I’ve lived in Boston for over 10 years and I’ve done my fair share of exploring around the city. Price and I spent a Saturday years and years ago being hometown tourists walking the Freedom Trail. I’ve been to a lot of festivals, I’ve shopped the markets, taken a duck boat ride, but I haven’t done any food tours. I’m missing out!!!
I recently heard of Boston Chocolate Tours and how they host tours taking people all around Boston’s Back Bay or South End to sample different chocolate delicacies. That sounds awesome but it’s the dead of winter now so that sounded delightfully horrible… brrr cold!… so next best option is their chocolate making class. Yes, please!!
Held one Saturday a month in a private function room of the Elephant and Castle, you take a 2 – 2 1/2 hour class where you learn about where chocolate is grown, how it’s made, enjoy hot chocolate (different than hot cocoa!), and you get to make your own truffles too!!
While I say you learn so much, it’s not boring, like being back in school, since the teacher keeps it fun, light, and not too technical. No slides or power points to fall asleep to, but you won’t leave scratching your head either.
Like, cocoa nib are just raw dried cocoa beans that have been broken up. We got to ‘make’ cocoa nibs and test out cocoa butter, which really is a wonderful moisturizer.
The class was taught by Chef Dorian McCarron, who has over 15 years experience as a pastry chef. As well, he competed on and won on the 2nd season of Sweet Genius, a Food Network competition similar to Chopped, but with sweets as the main focus.
His passion for chocolate is a pure as the chocolate we used in class. For example, he explained that REAL chocolate only has 5 ingredients in it – cocoa butter, cocoa liquor, sugar, soy lecithin, and real vanilla- and how a lot of chocolate companies don’t sell real chocolate. This really stuck with me as I have been doing a lot of baking recently and I have noticed that the chips I get from various companies have a different quality to them. If you are looking to use the best stuff then get Ghirardelli, Lindt, Green and Black’s (also organic!), Godiva, and Baker’s. And even Trader Joe’s sells the real stuff! However, Hershey’s and Nestle isn’t the real stuff… sad face. But lesson learned so I’m only getting the good stuff from now on! Thanks Chef McCarron!!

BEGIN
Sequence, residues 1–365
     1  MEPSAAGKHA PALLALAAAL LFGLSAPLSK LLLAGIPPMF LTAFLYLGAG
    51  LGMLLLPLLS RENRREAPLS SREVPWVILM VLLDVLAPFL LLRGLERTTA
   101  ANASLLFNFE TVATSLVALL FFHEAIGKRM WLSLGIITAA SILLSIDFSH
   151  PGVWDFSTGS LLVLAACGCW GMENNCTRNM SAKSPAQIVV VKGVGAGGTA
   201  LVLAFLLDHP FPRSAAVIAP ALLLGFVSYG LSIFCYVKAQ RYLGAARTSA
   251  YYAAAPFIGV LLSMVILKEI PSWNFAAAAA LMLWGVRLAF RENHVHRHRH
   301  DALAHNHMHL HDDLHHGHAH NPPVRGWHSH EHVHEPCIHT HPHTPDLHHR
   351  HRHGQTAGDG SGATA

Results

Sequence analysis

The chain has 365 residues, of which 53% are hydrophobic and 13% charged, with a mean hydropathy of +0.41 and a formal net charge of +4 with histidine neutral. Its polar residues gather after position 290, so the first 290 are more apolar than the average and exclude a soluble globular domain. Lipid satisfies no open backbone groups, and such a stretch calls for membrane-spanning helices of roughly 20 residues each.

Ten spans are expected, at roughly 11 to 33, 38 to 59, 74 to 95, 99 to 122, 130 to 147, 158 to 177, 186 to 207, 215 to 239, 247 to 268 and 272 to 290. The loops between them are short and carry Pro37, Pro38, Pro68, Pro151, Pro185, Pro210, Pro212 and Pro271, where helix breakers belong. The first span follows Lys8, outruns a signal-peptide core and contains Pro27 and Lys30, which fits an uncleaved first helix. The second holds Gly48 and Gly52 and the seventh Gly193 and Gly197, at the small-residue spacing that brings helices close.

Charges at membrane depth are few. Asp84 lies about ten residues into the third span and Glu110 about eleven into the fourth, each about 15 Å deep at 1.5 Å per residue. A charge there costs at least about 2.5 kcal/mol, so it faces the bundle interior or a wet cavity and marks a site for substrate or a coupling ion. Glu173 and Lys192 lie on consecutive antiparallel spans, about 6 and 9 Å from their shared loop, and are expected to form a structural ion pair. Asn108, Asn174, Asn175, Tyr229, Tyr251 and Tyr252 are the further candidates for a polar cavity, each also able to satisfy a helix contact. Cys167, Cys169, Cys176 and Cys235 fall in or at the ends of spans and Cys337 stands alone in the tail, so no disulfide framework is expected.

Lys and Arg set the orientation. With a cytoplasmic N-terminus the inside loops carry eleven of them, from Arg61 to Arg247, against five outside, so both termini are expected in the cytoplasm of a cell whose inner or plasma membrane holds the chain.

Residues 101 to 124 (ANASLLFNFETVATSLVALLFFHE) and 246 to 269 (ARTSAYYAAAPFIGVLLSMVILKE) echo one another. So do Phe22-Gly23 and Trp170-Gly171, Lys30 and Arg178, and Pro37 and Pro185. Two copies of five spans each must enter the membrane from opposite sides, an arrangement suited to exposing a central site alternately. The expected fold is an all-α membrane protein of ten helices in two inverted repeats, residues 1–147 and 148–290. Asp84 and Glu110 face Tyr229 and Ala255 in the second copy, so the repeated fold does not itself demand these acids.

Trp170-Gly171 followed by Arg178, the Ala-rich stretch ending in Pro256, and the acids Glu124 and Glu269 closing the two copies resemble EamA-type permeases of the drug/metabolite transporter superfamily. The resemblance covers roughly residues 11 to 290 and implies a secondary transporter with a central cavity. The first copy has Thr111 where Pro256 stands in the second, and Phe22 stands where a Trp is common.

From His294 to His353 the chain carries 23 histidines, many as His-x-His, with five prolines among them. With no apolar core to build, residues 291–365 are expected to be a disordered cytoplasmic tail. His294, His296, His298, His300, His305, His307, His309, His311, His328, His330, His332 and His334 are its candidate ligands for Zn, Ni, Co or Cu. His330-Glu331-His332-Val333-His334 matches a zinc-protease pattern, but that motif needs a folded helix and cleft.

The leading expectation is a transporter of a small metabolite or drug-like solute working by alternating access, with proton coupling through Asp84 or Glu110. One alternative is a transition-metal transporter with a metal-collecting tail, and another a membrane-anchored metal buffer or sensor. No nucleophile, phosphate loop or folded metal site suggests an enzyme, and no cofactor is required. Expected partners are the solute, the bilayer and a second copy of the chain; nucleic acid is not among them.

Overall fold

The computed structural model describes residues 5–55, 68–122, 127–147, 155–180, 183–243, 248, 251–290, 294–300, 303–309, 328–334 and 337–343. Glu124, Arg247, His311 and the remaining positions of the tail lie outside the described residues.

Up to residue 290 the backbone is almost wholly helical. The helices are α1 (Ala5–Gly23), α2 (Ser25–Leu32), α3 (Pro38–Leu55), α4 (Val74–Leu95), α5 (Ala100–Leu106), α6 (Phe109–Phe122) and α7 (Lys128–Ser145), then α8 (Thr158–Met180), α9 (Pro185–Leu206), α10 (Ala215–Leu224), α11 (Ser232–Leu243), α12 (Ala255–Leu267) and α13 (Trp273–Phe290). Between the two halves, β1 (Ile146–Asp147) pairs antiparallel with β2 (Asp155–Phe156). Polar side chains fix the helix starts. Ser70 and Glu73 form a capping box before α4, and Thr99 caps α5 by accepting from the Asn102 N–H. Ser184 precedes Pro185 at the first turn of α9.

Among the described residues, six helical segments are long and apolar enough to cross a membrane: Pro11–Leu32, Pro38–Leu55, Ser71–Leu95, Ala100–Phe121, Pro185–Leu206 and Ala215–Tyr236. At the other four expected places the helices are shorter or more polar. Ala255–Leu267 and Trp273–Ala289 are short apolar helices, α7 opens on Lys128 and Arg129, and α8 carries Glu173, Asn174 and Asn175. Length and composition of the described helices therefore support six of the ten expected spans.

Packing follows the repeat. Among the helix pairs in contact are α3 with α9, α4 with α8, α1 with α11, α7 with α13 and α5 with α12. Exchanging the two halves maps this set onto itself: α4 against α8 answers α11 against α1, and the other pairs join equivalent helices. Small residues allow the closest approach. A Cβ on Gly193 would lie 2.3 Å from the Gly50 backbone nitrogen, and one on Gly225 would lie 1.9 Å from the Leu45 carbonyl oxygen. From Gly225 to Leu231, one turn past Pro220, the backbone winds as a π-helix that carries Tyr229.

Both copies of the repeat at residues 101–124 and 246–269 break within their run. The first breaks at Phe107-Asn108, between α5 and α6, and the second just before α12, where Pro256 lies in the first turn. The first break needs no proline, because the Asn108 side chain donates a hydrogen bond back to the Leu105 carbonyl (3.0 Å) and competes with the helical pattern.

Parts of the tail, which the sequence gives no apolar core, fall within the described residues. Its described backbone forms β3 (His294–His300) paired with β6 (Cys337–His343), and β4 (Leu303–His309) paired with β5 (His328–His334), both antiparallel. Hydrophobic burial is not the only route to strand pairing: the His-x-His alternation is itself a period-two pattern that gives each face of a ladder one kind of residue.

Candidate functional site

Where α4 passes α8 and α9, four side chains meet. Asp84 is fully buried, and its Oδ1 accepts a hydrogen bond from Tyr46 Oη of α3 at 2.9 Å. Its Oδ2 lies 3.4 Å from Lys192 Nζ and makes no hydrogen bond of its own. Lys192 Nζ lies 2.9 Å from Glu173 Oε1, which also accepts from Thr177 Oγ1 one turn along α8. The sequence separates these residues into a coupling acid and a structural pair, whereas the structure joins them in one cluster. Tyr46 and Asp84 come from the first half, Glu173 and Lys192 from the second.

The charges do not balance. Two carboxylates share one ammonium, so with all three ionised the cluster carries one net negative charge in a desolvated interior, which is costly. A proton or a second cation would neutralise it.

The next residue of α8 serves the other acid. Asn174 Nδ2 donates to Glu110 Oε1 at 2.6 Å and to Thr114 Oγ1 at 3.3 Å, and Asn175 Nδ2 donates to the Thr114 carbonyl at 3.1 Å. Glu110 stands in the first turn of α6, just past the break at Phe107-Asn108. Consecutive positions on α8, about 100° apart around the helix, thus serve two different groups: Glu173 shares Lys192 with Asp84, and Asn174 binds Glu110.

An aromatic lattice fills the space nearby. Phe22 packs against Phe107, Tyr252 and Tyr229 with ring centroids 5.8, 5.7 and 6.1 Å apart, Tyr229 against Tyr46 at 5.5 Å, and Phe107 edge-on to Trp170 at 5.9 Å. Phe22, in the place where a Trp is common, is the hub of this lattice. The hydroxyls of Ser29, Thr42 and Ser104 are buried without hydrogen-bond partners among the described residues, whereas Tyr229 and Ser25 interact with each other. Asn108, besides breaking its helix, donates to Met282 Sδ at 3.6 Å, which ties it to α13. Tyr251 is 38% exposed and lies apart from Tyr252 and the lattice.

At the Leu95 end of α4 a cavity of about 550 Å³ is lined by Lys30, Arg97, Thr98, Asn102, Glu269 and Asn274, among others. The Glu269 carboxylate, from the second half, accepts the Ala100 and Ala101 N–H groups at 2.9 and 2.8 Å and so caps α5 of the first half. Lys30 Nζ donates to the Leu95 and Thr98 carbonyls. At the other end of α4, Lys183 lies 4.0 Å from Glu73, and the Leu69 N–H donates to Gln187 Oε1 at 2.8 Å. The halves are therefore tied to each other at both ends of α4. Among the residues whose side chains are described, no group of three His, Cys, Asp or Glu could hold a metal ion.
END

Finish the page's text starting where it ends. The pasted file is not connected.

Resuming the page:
As well, I learned the ins and outs of tempering chooclate, in a pretty simple way.
I always took it for granted, but learning the science behind it has opened my eyes to why it’s so important. It makes me want to get a tempering machine. Just kidding! Those babies are like 3K! Whaa? But not to be discouraged, you can temper chocolate yourself as home with a heat safe bowl set upon pot with some water in it. The water CAN NOT touch the bottom of the bowl! You need a space for the steam to swirl around in between the surface of the water and bottom of the bowl. And a whisk. And your arm. Just start moving that chocolate- yes, even before it’s melted- and don’t stop! You’ll need to add more chocolate in when the chocolate is melted and at the right temperature. Chef McCarron broke it down in an easy to follow way that makes me want to really give it a try. And make more truffles!
Fellow Boston based food blogger Taryn attended the class as well.
She went with her mom, which is such a great idea. I think this class would be great for mothers and daughters to take. As well, it would be great for couples. A fun, sweet date.
There was various options for you to roll your truffles in or on after you dipped them in the tempered chocolate.
I generally just rolled my chocolate and them rolled them in the toppings- toffee, cocoa nibs, cocoa powder, toasted coconut, and powdered sugar- as dipping them in the tempered chocolate was quite stressful to me. I was so afraid that it would fall off the dipping fork and them mess up the tempered chocolate, ruining it. I’m just a ball of nerves for no real reason when it comes to stuff like that, as there were a few kids (I’d guess 8 years old?) and they had no problems with this task.
One of the 3 dozen tuffles I made.
This baby is hanging out in some powdered sugar. It’s important to coat the ganache after you rolled the balls out so that they don’t stick to each other. Either you coat them in a topping like the powdered sugar or in tempered chocolate.
See those lovely chocolates, those are Taryn’s. I told you her’s were so pretty. And she packaged them so beautifully too.
If you want to learn about chocolate and make some truffles of your own then I highly suggest attending their class. It was so much fun and it really opened my eyes to buying and working with chocolate. A sweet treat indeed!
I was invited by Boston Chocolate Tours to attend their Chocolate Workshop ($75) for the purposes of this recap and review. All opinions are my own.